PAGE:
ProShares Announces First Bitcoin-Linked Short ETF in U.S.

ProShares Announces First Bitcoin-Linked Short ETF in U.S.

ProShares – the leading Bitcoin ETF provider in the United States – has announced that it will launch the country’s first short-linked Bitcoin ETF on Tuesday. This will allow investors to gain short exposure to the leading cryptocurrency, effectively betting against the asset’s performance.

Hedging Against Bitcoin

In a press release from ProShares, the Bethesda MD firm’s fund will let investors potentially profit from Bitcoin’s decline. However, it will come with the convenience of an ETF, avoiding the traditionally “onerous and expensive” challenges of gaining short exposure to cryptocurrency.

A “short” is a type of futures agreement to sell a given asset or commodity at a pre-determined price, on a future date. With futures contracts, one can ensure he nets a reliable return on his sales in the future, even amid unforeseen market circumstances.

However, many futures contracts are cash-settled, meaning they ultimately amount to bets on price. In other words, short-sellers simply debit or credit their buyer the difference between the initial price and final settlement, rather than delivering the actual asset.


The new fund, which will be listed under the ticker BITI on the NYSE, will deliver inverse performance from the S&P CME Bitcoin Futures Index. ProShares CEO Michael L. Sapir believes that recent events have proven the type of benefit a short-based ETF can provide.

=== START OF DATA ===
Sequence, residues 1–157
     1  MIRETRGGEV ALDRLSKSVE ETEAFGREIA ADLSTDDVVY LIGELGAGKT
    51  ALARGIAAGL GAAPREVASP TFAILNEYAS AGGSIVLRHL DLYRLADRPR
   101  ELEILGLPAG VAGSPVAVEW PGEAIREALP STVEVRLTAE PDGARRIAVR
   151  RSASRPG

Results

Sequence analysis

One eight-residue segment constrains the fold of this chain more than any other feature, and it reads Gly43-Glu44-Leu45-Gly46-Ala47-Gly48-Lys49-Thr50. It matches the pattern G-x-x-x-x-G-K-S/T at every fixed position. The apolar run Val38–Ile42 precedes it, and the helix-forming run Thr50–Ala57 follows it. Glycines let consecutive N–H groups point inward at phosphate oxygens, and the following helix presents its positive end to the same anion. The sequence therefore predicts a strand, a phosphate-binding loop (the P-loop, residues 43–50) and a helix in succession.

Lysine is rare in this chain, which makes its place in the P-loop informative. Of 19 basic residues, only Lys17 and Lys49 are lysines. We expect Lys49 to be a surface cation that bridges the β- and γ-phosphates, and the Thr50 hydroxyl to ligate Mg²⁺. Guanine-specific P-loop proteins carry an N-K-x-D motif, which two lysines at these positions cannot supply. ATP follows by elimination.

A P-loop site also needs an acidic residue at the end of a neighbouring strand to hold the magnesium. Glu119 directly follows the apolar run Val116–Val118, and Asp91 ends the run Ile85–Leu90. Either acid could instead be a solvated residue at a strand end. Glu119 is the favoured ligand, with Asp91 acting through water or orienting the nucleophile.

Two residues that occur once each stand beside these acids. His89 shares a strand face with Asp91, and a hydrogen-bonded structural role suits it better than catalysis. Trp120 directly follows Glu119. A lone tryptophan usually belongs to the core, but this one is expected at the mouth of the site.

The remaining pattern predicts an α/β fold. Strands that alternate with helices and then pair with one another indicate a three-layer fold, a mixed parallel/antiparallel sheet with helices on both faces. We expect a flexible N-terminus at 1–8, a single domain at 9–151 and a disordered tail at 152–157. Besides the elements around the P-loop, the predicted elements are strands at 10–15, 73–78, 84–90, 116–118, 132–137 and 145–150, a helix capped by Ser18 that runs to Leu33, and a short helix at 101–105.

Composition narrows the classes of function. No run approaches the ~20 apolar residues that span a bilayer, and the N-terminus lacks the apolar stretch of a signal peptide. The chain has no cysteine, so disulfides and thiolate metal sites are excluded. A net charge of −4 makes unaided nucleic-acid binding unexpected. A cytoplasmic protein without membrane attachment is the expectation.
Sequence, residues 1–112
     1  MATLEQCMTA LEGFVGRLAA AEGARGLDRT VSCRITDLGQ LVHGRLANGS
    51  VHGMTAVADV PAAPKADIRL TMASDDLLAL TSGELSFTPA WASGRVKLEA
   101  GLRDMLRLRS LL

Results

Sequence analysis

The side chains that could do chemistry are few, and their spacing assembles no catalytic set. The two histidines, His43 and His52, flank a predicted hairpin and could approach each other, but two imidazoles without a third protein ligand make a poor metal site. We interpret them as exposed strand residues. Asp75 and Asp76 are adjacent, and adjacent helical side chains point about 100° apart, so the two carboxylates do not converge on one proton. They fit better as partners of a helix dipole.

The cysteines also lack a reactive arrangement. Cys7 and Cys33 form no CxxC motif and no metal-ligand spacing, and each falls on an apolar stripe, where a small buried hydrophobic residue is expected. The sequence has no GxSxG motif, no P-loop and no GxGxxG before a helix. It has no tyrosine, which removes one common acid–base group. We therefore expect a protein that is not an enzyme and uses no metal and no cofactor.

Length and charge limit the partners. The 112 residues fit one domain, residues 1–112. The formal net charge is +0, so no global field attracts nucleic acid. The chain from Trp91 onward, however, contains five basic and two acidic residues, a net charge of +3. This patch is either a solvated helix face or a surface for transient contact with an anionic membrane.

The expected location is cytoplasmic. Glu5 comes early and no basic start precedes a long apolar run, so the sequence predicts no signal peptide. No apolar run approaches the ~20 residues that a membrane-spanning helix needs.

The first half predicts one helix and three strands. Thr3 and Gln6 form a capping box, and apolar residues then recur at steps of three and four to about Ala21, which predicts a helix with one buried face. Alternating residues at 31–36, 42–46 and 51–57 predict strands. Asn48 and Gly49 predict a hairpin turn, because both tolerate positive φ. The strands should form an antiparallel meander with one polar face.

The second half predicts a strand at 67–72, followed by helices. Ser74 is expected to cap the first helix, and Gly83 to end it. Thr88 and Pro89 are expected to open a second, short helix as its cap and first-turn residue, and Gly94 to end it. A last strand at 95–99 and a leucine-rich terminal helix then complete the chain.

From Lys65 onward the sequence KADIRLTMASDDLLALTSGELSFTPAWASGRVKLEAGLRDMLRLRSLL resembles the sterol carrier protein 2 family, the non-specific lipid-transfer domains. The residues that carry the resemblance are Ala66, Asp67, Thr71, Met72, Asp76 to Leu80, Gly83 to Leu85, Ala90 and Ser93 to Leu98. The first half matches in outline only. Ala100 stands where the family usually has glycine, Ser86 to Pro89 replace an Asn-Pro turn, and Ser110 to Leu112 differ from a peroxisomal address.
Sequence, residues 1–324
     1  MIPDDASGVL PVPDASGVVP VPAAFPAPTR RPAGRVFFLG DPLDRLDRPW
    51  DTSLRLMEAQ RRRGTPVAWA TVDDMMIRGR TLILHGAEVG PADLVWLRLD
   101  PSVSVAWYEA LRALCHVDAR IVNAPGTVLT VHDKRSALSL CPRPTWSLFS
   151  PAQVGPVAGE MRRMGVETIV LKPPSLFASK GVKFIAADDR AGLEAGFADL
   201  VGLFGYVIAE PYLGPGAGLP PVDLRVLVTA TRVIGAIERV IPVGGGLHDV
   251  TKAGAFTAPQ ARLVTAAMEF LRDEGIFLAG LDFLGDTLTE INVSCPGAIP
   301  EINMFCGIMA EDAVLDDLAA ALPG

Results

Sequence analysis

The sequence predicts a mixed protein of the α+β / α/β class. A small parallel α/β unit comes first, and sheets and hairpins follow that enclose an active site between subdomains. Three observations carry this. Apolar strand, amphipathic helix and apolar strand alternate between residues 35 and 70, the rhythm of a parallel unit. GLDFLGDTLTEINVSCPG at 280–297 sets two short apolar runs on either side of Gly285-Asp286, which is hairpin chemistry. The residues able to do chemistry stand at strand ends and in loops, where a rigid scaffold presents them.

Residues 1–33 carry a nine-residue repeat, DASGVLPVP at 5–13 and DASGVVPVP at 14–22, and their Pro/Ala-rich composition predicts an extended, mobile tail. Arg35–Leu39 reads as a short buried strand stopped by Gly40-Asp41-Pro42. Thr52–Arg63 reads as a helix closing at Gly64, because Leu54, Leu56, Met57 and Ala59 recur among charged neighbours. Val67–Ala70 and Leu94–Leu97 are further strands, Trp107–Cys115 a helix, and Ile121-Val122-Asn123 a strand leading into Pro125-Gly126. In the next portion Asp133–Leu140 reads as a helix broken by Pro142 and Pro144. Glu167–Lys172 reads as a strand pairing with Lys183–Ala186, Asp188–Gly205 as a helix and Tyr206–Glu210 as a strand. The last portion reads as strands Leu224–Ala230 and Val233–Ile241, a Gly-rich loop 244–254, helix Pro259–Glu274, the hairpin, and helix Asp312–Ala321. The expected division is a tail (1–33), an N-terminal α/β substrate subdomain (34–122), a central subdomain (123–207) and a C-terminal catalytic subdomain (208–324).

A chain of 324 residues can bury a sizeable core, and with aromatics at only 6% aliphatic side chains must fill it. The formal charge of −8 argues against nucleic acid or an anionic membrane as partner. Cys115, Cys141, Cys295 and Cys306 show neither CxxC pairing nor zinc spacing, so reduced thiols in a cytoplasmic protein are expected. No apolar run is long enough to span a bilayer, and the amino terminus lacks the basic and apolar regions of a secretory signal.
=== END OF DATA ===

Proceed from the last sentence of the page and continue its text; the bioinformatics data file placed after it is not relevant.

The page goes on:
“BITI affords investors who believe that the price of bitcoin will drop with an opportunity to potentially profit or to hedge their cryptocurrency holdings,” he said.

ProShares will also launch the Short Bitcoin Strategy ProFund (BITIX) on Tuesday – a mutual fund with the same investment objective as BITI.

Still No Spot ETF

ProShares is known for having launched the first Bitcoin ETF in the United States, which was based on futures contracts. Many other ETFs based on Bitcoin derivatives have launched in the U.S. to date, but none are based on direct Bitcoin exposure.

Many Bitcoiners have shown disappointment with the Securities and Exchange Commission (SEC)’s reluctance to approve such a product, with some even smelling foul play.

“So there’s now a SHORT Bitcoin ETF, a Futures ETF, a closed end fund trading at a 30%+ discount, a 401K option for Bitcoin, but NO Spot ETF,” tweeted Will Clemente – lead insights analyst at Blockware – on Monday. “It is clear that Gary Gensler and the SEC have an agenda against Bitcoin.”

Grayscale – the world’s largest Bitcoin fund – is currently attempting to transition its product into an ETF. If the SEC rejects its next application, CEO Michael Sonnenshein has threatened to sue the commission for unequal legal treatment.

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